May 13, 2004
CONTACT: Mike Stepanovich, 661/664-2456 or mstepanovich@csub.edu

A classic British farce that will not only leave audiences rollicking but also have a dramatic twist at the end opens at California State University, Bakersfield’s Doré Theater Thursday, May 20, at 8 p.m.

“What the Butler Saw,” by acclaimed playwright Joe Orton, has been described as “the hilarious mutual indiscretions of a randy British psychiatrist and his flirtatious wife in an outrageous and dazzling verbal romp. Part Oscar Wilde, part ‘Fawlty Towers,’ (a British sitcom of the 1970s) and part Benny Hill, Orton's timeless work on lunatic logic has been hailed as a masterpiece of modern farce.”

Written in 1967, but not performed until 1969 after Orton’s death, “What the Butler Saw” is enjoying a revival of late, said CSUB theater professor Donald LaPlant, who is directing the play. “It’s become popular and timely all of a sudden,” he said. “People have been doing this play a lot the last year or so. There was a pretty high profile production in Boston, and one just finished in Los Angeles.”

Considered tame by today’s standards, the play was thought “quite naughty” when it was first produced. It tweaks convention and challenges the establishment, and opened to protestors in the lobby back in 1969, LaPlant said. “Joe Orton had the reputation of being a professional bad boy, and the critics were saying of course that the younger generation was just picking on authority as they always do.”

But while “What the Butler Saw” has a wild, anarchic streak to it, “it’s clear that Joe Orton really knew the classical tradition, farce and classical references,” he said. “He was fascinated by Greek mythology – there are all sorts of sly illusions to Dionysus and even conventions of Greek theater that he mixes into the play that on the surface are light and fluffy and funny.”

LaPlant said he choose the play for a couple different reasons. “Whenever we’re choosing the plays we’re going to produce in a season, it’s difficult because there are so many different things we’re trying to do – giving actors challenges and a variety of styles to work in, providing a balance between serious and comic plays, and something that we can do with the resources that we have. So on one level the choice is pragmatic. But directors also want to do plays that they’re interested in.

“I didn’t read this play until I was in my doctoral program, and it was just the funniest thing I had read in a really long time. And it’s funny on two levels: it’s low, farce, slapstick, but it’s really tightly written – the verbal wit of it and all the aphorisms that come out. In one speech, there’ll be five or six really witty jokes, and even if the audience gets two of them it really holds their attention and is funny. I think the cast is really going to be surprised at some of the things the audience laughs at.”

And there’s lots to laugh at. The two-act play explores the shady private practice of Dr. Prentice, a lusty psychiatrist who, as the curtain rises, is attempting to seduce Geraldine Barclay, a prospective secretary. But the unexpected arrival of Mrs. Prentice during the “interview” causes chaos to ensue. The situation deepens when Dr. Rance shows up for a government inspection. All the while, Sergeant Match is conducting a search for two "confused" offenders and Mrs. Prentice can't help but make every situation even more perplexed.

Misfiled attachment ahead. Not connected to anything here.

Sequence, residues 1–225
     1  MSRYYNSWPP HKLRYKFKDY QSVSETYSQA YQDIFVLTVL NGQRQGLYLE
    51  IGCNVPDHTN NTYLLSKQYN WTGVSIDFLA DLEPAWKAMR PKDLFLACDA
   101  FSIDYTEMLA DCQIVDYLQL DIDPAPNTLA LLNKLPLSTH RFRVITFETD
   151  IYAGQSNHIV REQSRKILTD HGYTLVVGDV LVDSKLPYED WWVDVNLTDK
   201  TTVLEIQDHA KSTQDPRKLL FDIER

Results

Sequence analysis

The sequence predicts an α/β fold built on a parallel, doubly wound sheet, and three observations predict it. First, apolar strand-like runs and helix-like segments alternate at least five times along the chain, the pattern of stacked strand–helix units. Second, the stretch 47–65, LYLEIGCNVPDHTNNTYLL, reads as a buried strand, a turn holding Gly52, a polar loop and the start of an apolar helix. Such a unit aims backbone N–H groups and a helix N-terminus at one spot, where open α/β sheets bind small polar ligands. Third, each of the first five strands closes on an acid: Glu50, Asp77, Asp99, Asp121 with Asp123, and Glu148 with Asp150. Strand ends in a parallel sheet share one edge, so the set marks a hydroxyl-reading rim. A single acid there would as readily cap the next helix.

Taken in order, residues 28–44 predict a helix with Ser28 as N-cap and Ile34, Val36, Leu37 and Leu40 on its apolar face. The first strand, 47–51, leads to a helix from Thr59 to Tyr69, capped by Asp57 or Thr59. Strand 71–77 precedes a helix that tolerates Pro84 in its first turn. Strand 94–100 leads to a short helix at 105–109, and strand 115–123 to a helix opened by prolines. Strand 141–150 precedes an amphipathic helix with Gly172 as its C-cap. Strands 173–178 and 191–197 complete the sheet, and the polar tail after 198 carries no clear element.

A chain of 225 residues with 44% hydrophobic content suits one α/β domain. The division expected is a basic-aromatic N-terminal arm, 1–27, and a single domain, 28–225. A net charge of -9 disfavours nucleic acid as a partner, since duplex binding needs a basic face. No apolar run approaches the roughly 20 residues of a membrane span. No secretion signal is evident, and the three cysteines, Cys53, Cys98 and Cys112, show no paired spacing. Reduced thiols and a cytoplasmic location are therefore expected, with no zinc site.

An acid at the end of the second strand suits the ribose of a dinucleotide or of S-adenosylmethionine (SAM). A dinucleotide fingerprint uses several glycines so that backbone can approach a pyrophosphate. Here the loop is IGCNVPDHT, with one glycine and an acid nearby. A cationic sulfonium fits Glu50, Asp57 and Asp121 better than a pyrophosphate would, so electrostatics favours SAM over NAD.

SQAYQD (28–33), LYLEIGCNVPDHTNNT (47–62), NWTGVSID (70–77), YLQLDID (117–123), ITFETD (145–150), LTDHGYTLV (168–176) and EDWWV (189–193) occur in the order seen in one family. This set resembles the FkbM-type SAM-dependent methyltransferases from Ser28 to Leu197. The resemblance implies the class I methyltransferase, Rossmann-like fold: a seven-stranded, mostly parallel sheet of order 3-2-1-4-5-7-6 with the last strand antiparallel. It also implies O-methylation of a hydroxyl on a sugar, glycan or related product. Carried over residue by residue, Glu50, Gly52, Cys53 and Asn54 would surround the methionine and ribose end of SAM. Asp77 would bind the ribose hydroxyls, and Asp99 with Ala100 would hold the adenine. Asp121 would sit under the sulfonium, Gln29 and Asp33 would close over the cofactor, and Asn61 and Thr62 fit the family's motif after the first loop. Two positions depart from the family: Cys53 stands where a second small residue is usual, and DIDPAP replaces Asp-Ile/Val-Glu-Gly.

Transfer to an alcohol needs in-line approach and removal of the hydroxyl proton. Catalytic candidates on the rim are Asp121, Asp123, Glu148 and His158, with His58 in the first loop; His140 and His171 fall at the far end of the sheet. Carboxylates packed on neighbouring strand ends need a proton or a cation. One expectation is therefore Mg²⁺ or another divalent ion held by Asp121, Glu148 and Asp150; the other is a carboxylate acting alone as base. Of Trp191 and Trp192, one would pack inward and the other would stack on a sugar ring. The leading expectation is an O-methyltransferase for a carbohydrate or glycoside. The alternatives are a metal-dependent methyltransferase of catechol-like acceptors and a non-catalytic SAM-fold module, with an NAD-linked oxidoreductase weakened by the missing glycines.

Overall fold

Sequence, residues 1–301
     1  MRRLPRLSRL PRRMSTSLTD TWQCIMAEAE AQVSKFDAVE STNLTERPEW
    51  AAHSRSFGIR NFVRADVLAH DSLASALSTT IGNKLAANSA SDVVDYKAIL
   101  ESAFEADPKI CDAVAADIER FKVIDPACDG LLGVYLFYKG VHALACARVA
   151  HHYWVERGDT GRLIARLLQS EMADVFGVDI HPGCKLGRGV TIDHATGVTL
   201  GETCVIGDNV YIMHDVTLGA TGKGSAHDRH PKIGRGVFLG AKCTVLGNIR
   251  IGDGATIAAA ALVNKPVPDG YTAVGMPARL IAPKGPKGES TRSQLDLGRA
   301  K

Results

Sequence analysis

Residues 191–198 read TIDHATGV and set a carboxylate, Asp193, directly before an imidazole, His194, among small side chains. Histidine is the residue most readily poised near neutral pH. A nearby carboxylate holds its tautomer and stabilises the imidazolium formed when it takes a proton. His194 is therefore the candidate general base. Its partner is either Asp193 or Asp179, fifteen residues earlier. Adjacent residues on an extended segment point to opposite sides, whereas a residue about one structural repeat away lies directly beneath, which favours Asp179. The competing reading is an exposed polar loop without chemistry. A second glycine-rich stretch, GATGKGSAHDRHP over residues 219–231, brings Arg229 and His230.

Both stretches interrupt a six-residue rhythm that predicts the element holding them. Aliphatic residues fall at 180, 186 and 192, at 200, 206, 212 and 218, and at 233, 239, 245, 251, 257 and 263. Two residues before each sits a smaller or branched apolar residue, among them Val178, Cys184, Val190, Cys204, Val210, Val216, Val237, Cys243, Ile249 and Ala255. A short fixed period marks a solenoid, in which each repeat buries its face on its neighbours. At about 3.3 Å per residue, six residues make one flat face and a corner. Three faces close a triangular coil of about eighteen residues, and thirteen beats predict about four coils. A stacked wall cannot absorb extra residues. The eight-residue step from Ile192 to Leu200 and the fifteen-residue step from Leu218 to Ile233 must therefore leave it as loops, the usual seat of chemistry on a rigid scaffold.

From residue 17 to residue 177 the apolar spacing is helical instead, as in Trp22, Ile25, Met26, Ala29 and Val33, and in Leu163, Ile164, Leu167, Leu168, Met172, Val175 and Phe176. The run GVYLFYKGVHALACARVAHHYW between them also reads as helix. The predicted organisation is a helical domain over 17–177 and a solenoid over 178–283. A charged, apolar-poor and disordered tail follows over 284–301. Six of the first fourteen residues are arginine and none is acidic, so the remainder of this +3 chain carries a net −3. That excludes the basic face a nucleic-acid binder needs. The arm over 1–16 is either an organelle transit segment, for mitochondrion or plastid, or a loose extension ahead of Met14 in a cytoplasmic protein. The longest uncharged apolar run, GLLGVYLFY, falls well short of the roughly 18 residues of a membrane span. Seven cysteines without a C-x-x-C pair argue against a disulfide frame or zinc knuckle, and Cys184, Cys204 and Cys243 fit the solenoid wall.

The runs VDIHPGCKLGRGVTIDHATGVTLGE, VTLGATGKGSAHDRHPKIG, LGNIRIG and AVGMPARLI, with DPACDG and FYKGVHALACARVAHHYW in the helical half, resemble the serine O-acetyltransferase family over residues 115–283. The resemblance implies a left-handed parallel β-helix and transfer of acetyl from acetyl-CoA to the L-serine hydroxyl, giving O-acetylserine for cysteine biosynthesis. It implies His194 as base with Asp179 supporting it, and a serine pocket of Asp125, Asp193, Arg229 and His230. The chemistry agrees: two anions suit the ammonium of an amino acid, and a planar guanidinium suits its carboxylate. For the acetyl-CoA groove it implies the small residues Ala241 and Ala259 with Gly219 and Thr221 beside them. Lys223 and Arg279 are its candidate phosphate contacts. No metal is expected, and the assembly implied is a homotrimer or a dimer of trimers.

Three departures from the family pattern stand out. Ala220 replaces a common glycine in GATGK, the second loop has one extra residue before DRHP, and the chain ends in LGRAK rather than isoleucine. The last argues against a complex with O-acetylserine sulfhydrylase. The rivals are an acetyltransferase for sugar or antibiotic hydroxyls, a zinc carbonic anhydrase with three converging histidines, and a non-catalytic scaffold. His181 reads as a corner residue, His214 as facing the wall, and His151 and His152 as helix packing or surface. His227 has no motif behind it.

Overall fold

The plot of “What the Butler Saw” contains enough twists and turns, mishaps and changes of fortune, coincidences and lunatic logic to furnish three or four conventional comedies.

The task of pulling off this madcap caper falls to a cast of six CSUB student actors:

“What the Butler Saw” is the final play of an English playwright who started his career in theater as an actor but switched to writing in the late 1950s.

Biographical sketches found on the Internet say his first successful play was a radio play, “The Ruffian on the Stair,” broadcast by the BBC. His three full-length plays, “Entertaining Mr. Sloane” (1964); “Loot” (1965); and “What the Butler Saw” (1969) were all successful. They were all "outrageous and unconventional black comedies that scandalized audiences with their examination of moral corruption, violence, and sexual rapacity,” according to the Encyclopedia Britannica.

The play’s name, LaPlant said, is taken from a Victorian age device, an early motion-picture machine that viewers would crank to provide a voyeuristic view of people behind closed doors. “The machines became known as ‘what the butler saw’ machines,” he said. “The play builds on this voyeuristic impulse that most people have. We like to peer into the hidden behavior of others.”

“What the Butler Saw” opens Thursday, May 20, for a two-weekend run. The curtain rises Thursday, Friday and Saturday nights, May 20-22, and Thursday, Friday and Saturday nights, May 27-29 at 8 p.m. A matinee performance is scheduled Sunday, May 30, at 2 p.m. Admission is $10 for adults, $8 for seniors (60+) and CSUB faculty and staff, and $5 for students with ID.

For more information, please call the CSUB Theater Department at (661) 664-3093.



Dr. Prentice (Sam Yaeck) begins to prey upon the innocent Geraldine (Leah Espericueta) in the opening scenes of "What the Butler Saw."

Dr. Prentice (Sam Yaeck) tries to stay one step ahead of Mrs. Prentice (Alissa Morrow), as the bellboy (Jeff Locke) looks on during the first act of "What the Butler Saw."